Multiple rare sightings of the Portuguese Man-O-War, a jellyfish-like creature with a highly toxic sting, were reported Tuesday on Fire Island—including two cases in which children were stung, officials said.
Suffolk County police said Marine Bureau officers responded to a report of a 4-year-old child stung by one of the poisonous sea creatures known as “Floating Terror” on the beach in Davis Park at 12:17 p.m. and then a 7-year-old child was stung by another near Oak Street in Kismet at 3:08 p.m. Fire Island National Seashore (FINS) rangers also confirmed public reports of Portuguese Man-O-War sightings in Cherry Grove and Fire Island Pines, officials said.
“Hopefully it was an isolated incident,” Tracey Krut, executive assistant to Islip Town Supervisor Angie Carpenter, told the Press.
The 7-year-old child was on shore at the time, not swimming, when he came in contact with the man-o-war, Krut said. Islip town lifeguards aided the boy along with Kismet Fire Department first responders who helped Suffolk police take the child to Southside Hospital in Bay Shore for treatment. He is expected to make a full recovery, Krut said.
Lifeguards put up purple flags indicating dangerous marine wildlife was found in the area and will search the shores to keep swimmers safe, Krut added.
“Portuguese Man-O-War can cause a painful sting and visitors should maintain a safe distance,” warned Elizabeth Rogers, Science Communications Park Ranger and spokeswoman for FINS. She added: “This is not a common occurrence on Fire Island.”
Portuguese Man-O-War sightings in local waters are unusual since they are usually found in warmer waters in the Caribbean, Pacific and Indian oceans.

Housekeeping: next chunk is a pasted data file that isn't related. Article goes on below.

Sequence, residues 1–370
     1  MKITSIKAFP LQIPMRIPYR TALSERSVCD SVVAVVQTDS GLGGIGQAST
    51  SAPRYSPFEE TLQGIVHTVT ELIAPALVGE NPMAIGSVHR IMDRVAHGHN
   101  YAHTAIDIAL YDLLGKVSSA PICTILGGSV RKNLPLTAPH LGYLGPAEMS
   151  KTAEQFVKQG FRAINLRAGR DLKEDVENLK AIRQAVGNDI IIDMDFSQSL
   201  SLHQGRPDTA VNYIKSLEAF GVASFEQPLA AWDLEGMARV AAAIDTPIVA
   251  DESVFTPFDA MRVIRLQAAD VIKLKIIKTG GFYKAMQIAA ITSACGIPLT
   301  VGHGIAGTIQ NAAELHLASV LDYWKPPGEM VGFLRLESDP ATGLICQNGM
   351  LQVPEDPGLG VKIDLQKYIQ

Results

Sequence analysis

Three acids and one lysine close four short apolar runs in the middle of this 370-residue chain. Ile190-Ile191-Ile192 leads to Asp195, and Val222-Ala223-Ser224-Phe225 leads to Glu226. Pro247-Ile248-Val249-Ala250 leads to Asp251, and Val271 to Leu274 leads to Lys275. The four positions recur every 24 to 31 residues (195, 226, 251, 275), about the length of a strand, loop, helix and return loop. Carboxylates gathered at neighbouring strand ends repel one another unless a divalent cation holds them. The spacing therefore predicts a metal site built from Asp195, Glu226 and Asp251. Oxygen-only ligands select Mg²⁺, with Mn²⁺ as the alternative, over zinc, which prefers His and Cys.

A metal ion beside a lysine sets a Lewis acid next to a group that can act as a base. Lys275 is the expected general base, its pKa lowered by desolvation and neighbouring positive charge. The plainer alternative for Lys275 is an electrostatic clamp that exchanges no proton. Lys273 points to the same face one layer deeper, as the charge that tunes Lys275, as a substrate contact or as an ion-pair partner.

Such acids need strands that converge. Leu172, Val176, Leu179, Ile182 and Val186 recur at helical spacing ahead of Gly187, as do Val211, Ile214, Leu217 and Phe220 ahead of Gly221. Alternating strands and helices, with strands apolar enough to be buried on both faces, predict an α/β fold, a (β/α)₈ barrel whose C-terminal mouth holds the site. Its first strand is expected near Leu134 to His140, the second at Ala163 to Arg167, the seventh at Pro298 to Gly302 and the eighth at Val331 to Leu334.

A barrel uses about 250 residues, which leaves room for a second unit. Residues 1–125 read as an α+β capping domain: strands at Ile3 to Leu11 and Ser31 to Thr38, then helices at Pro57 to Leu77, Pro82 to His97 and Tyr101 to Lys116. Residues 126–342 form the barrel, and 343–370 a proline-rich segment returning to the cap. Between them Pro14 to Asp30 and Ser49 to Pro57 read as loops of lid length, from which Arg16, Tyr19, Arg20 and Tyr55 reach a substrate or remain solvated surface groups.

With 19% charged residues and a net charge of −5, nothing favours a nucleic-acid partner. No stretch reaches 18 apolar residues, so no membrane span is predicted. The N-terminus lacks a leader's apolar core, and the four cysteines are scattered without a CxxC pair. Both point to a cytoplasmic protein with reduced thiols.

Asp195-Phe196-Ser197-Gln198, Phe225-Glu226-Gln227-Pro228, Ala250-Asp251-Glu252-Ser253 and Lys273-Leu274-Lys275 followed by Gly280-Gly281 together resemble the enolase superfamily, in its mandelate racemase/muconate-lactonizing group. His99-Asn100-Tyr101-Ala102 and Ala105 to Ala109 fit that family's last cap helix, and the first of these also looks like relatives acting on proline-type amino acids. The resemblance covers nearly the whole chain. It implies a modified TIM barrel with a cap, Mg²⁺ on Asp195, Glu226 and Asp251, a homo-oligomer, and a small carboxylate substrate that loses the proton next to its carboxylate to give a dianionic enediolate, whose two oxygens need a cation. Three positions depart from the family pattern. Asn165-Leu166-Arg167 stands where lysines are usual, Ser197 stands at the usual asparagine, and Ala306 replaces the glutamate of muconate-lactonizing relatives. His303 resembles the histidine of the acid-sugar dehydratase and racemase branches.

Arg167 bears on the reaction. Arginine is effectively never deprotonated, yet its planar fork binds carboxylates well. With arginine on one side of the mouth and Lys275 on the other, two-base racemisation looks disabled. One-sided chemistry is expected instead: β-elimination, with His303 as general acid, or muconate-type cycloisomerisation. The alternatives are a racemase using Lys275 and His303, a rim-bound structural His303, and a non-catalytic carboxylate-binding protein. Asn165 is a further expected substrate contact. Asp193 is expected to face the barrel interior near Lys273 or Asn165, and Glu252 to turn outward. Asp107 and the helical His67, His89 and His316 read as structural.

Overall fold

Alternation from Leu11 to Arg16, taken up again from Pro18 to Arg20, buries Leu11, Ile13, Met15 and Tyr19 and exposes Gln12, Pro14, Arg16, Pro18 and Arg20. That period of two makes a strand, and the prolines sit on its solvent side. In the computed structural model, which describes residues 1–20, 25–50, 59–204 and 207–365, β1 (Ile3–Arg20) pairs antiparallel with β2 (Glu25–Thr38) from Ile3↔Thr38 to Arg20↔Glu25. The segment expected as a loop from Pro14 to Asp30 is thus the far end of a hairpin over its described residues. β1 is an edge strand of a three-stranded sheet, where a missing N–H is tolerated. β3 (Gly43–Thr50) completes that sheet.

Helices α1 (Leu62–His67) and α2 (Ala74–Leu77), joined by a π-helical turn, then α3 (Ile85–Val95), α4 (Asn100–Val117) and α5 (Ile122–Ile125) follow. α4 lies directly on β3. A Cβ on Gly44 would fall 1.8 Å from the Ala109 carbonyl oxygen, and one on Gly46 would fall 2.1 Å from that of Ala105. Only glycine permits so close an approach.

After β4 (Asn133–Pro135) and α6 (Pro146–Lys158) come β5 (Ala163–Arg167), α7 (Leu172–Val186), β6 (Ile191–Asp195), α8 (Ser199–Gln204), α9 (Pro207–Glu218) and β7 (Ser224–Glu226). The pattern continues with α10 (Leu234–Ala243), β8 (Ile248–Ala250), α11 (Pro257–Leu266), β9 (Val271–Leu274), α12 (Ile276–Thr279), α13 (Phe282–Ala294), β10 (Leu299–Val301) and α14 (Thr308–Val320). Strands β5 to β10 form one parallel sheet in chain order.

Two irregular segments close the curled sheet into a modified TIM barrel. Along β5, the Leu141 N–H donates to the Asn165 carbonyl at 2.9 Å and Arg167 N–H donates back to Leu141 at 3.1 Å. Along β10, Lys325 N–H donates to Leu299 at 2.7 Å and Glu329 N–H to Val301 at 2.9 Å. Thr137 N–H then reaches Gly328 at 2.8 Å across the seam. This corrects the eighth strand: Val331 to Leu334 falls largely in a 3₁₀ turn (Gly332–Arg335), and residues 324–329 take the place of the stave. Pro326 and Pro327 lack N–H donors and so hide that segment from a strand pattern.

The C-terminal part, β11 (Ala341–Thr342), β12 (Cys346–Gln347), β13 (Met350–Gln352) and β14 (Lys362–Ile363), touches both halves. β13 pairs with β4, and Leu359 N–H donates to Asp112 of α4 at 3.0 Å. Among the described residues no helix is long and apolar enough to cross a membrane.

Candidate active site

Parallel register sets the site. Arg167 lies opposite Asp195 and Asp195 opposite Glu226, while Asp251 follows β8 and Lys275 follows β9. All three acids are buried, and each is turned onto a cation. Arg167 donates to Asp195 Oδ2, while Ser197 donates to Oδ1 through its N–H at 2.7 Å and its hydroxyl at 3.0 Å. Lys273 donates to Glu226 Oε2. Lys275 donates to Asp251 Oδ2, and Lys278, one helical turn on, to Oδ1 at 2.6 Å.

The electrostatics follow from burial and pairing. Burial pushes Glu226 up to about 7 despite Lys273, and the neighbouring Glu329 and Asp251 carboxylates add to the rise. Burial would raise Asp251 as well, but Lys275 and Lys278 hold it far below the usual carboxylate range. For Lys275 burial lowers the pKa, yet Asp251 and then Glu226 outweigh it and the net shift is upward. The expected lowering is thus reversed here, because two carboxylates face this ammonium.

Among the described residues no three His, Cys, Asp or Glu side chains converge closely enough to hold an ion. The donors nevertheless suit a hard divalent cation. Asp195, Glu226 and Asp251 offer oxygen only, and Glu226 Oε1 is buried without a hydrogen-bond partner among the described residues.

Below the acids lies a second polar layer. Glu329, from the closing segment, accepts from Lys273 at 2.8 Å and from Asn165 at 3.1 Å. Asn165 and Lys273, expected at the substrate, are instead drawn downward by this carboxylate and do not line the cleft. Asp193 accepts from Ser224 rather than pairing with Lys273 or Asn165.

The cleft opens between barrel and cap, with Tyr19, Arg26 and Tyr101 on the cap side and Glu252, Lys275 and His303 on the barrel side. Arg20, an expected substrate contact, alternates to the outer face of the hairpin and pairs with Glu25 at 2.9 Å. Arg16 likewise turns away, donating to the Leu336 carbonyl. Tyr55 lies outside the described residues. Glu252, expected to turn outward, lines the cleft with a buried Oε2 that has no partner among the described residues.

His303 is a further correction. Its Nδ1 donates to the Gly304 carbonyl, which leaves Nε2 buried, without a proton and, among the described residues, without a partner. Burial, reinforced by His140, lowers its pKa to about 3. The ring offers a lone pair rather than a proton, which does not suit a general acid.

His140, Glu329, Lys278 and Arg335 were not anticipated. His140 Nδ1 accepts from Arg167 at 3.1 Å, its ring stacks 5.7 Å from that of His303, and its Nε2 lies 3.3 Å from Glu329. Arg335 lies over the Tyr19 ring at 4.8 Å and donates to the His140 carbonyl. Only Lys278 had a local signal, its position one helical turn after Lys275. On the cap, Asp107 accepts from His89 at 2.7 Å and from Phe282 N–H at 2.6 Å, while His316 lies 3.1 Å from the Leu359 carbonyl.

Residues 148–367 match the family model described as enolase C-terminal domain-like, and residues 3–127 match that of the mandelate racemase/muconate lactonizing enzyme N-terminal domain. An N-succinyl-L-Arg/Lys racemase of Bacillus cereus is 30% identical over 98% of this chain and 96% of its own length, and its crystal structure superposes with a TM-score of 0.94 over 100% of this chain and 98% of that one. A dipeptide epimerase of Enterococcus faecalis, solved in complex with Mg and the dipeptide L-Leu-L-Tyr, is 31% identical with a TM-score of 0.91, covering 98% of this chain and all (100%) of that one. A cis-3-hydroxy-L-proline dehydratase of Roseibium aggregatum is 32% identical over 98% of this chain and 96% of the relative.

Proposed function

WNBC-TV first reported the local sighting while reporting on additional incidents in New Jersey. There have also been sightings at Delaware beaches this summer.
The last reports of Portuguese Man-O-War washing ashore on Long Island was two years ago in the Hamptons.
The creatures are technically a floating colony of organisms that form a pink or purple gas-filled pouch that sails on the surface of the water with numerous tentacles that can grow up to 30-feet or longer, according to the National Oceanic and Atmospheric Administration (NOAA).
Aside from an intense, painful sting, contact with its tentacles can also result in welting and blistering, NOAA said. In rare cases, its sting has reportedly proven deadly.
Police said they also received a second unconfirmed report of a Portuguese Man-O-War in Kismet on Tuesday, but there were no reported injuries stemming from that call.
“Portuguese Man-O’-War are easy to see,” said Grace Kelly-McGovern, spokeswoman for the Suffolk County Department of Health Services. “We advise beach goers to stay away from them when they see them. If you are stung, rinse the affected area with salt water, apply vinegar or a baking soda paste and take a pain killer if needed. If you experience a severe reaction to the sting, seek immediate medical attention.”